Published by Hogarth
Publication date: September 18th 2012
Genres: Contemporary, Cultural, Debut, Fiction
Coming-of-age in Israel means something very different than it does in most countries. At 18 all Israeli youth must serve two years in the Israeli Defense Forces. In The People of Forever Are Not Afraid Shani Boianjiu takes the stories of three friends and mixing past and present explores what this time means to them and later, what it does to them.
The girls are given the responsibility of watching borders, teaching other soldiers, and manning checkpoints and yet they have no authority regardless of what they see. For Avishag, this means repeatedly catching sex traffickers bringing young, kidnapped girls into Israel and having her commanding officer/boyfriend let them go. Lea becomes a checkpoint office on a lonely stretch of road that has been closed to Palestinians for 10 years after a shooting incident. While posted there, two men and a teenage boy begin a protest to get the road re-opened but it is a farcical effort with both sides knowing exactly how the other must behave and therefore, acting their parts with an odd politeness, all knowing full well there will be no real action. And Yael uses her position to falsely accuse an Arab of winking at her, resulting in her commanding office blindfolding the man and pretending to shoot him.
Sometimes I think of things and wonder why I never thought of them before. Sometimes I remember things and beg for mercy.
What is most interesting, or perhaps disturbing, in The People of Forever Are Not Afraid, is that the more the reader learns about the girls and their childhoods, the less certain they will be as to whether the damage occurred from the military or was merely enhanced by those years. Either way, it is both disturbing and depressing. The mental and emotional schism created by the events they witness, even without being in combat, combined with the lack of usable education and training means they emerge back into society lost. Even after they create lives as adults, the pull of those years brings them back a decade later, to more destruction. The reality of life in the Israeli military, as portrayed in this novel, is grim.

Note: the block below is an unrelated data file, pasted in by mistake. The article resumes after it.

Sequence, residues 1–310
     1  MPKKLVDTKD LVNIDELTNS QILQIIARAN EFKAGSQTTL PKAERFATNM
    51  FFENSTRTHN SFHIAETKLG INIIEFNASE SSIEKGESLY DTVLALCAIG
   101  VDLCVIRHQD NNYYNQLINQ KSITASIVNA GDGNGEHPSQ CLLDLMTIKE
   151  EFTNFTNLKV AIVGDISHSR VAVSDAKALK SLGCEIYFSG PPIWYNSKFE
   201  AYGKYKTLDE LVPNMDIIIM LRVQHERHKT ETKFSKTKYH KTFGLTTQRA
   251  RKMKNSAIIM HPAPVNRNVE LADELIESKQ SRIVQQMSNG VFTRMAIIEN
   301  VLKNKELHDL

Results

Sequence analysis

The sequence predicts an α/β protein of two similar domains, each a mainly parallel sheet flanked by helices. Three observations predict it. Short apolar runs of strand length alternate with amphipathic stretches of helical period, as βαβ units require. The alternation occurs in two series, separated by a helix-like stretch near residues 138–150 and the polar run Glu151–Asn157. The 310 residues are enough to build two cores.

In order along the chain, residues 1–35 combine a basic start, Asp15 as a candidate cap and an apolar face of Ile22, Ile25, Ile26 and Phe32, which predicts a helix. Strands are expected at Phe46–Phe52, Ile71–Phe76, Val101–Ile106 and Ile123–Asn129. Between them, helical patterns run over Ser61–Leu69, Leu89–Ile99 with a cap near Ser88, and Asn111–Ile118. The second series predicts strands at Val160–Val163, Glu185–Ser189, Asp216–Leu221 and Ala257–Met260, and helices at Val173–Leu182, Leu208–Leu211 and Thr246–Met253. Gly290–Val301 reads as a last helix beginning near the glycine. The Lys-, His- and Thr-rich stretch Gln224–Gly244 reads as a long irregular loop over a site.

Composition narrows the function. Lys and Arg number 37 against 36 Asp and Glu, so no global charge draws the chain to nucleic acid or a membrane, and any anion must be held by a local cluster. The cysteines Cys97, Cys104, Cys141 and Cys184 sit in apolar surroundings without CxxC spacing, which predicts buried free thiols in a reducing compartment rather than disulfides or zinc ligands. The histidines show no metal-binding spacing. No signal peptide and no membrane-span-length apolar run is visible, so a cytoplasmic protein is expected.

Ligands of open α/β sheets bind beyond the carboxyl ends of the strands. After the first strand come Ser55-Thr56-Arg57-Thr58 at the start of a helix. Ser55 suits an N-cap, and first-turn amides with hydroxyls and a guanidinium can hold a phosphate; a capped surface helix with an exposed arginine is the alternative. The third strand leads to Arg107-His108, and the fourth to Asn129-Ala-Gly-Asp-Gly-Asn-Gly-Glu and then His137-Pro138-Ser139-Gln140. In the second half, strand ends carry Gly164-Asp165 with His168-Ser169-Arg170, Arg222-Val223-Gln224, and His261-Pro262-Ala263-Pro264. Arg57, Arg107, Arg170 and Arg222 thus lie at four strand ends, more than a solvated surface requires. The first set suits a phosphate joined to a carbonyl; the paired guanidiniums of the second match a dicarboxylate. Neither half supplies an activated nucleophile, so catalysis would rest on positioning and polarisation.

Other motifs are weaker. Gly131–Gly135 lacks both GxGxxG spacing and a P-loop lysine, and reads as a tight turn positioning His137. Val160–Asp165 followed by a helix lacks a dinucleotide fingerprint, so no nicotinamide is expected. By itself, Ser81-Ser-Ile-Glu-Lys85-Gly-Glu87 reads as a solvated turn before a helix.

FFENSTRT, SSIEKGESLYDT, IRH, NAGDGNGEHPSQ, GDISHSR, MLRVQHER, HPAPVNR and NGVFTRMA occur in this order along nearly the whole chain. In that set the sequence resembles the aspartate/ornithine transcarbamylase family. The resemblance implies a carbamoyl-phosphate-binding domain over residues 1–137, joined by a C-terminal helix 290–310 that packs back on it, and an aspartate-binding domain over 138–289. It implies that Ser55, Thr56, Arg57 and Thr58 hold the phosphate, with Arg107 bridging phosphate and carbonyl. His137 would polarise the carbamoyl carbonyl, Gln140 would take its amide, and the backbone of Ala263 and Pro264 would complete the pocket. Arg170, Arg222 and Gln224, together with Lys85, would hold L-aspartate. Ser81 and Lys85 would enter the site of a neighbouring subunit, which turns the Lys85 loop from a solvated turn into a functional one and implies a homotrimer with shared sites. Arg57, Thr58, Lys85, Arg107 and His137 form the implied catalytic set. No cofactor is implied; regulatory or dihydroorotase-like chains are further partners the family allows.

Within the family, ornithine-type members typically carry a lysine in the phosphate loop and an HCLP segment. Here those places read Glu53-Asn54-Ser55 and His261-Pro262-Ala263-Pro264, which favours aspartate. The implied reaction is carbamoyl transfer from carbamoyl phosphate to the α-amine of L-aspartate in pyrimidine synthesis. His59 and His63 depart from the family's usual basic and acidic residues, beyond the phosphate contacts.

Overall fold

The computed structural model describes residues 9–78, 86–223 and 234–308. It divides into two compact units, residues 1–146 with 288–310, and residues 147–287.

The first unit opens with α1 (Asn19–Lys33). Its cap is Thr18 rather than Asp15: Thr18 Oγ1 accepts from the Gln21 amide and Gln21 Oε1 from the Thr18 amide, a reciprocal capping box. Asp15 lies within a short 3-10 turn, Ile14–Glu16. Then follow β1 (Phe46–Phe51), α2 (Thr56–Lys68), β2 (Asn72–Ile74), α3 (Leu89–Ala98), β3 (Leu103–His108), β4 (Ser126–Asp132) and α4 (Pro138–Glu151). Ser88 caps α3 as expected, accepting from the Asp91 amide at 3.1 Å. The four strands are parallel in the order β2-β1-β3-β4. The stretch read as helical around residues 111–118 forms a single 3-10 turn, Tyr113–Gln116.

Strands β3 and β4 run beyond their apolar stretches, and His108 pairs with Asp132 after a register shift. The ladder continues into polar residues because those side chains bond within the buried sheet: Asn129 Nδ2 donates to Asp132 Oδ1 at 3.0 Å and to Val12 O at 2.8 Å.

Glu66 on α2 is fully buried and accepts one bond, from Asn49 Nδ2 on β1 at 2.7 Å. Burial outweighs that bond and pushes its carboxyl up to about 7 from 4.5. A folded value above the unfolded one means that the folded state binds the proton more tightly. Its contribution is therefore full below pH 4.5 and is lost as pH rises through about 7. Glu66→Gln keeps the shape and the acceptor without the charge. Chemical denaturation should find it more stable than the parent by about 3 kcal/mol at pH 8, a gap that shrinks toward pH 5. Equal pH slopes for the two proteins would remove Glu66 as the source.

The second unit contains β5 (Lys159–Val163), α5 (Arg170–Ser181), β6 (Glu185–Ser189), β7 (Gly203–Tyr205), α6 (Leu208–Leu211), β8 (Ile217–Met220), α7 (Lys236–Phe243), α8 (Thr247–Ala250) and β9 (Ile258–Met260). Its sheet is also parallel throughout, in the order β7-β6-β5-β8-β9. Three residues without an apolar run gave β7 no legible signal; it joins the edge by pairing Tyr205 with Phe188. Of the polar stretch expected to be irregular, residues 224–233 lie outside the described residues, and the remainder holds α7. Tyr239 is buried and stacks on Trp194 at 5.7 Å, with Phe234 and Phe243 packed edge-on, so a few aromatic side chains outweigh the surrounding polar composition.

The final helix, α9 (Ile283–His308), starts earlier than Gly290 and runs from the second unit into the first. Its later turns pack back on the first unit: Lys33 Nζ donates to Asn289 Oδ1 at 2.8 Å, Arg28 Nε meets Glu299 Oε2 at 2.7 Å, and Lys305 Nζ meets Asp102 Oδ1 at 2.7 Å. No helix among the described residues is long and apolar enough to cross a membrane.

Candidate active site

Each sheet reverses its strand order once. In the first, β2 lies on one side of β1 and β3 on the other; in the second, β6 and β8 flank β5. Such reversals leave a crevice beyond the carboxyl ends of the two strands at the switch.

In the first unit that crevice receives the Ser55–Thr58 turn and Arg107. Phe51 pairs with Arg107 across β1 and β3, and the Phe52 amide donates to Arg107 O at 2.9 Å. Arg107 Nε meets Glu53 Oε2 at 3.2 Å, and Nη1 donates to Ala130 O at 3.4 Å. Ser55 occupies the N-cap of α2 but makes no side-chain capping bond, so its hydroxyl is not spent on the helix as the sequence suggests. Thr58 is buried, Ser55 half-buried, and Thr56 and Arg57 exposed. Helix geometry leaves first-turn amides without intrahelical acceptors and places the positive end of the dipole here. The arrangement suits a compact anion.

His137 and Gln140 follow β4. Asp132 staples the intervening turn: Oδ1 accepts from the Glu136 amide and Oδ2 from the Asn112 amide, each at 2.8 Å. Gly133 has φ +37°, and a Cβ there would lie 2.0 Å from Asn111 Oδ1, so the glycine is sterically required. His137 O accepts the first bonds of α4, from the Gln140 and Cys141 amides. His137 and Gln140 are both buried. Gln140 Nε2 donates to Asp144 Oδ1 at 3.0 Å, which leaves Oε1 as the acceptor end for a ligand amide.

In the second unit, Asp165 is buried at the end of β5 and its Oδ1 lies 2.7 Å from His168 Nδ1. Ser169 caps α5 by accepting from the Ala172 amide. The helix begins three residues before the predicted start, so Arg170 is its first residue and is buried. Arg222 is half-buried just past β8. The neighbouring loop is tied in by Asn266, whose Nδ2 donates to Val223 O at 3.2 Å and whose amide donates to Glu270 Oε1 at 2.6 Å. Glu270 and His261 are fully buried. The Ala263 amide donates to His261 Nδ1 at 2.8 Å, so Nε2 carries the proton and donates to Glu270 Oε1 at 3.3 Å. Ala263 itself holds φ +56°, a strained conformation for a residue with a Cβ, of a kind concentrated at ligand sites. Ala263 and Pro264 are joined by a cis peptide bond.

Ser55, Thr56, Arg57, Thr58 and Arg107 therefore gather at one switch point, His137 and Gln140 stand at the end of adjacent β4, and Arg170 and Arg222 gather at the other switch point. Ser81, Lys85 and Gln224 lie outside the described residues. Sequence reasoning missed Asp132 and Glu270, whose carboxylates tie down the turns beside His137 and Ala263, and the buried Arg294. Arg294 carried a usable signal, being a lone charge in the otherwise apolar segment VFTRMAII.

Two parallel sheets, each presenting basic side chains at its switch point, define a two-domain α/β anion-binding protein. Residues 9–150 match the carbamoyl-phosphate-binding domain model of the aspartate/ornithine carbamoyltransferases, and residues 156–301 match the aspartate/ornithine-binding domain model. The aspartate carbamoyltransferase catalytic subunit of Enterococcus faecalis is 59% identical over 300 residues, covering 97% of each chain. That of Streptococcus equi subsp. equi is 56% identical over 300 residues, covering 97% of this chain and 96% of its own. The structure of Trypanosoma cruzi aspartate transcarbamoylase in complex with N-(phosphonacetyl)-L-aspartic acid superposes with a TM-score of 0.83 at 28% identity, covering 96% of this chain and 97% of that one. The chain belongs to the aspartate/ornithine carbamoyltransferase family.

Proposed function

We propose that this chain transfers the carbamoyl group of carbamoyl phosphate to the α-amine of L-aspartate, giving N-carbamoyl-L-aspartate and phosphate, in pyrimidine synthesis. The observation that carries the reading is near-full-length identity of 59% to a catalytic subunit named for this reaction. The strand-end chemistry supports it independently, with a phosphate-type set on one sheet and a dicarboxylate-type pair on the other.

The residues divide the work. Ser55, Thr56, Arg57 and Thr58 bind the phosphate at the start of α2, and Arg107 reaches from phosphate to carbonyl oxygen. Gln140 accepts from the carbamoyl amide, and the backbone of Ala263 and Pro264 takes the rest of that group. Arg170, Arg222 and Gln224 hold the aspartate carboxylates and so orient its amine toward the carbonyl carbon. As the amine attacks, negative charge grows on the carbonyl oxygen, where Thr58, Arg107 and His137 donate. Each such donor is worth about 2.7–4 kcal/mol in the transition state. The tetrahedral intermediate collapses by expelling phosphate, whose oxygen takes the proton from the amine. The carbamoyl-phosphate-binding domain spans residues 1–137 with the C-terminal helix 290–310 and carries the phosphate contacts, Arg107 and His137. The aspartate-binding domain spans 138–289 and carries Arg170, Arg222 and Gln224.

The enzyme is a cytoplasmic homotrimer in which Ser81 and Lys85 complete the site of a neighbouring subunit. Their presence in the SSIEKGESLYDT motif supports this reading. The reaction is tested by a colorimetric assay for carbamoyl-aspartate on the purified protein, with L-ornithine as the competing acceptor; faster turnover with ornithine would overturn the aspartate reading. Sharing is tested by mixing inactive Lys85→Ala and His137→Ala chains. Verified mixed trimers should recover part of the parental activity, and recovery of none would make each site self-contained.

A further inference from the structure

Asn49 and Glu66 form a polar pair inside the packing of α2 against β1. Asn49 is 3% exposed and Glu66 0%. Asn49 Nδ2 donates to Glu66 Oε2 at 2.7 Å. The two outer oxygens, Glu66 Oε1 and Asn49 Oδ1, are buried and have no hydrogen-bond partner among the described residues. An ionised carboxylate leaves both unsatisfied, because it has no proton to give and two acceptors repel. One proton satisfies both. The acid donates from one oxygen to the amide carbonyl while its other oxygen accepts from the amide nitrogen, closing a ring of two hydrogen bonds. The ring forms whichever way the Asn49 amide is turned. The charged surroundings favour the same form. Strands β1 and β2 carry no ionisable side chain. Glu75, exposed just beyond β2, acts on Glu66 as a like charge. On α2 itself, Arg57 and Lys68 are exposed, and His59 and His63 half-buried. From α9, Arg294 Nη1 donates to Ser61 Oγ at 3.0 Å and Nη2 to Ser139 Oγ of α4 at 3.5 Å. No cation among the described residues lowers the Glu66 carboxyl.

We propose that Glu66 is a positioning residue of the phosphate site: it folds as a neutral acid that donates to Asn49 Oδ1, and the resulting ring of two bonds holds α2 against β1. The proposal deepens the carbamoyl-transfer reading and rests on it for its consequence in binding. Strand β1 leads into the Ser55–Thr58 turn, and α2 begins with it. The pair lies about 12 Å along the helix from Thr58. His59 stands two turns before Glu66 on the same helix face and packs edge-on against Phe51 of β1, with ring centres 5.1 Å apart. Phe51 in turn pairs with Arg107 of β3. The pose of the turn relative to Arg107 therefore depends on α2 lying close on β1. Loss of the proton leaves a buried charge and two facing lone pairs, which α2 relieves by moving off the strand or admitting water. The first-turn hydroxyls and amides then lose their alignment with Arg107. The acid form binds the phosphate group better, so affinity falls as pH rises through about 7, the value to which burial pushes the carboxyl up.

Boianjiu conveys this surreal reality with a style of writing that is both numb and horrified, detached. Through the girls’ inner lives she shares the full impact of this time, both transformational and damaging and, while taking the title of a book literally may not be a good idea, one is left with the sense that, in the case of these young women, they are afraid.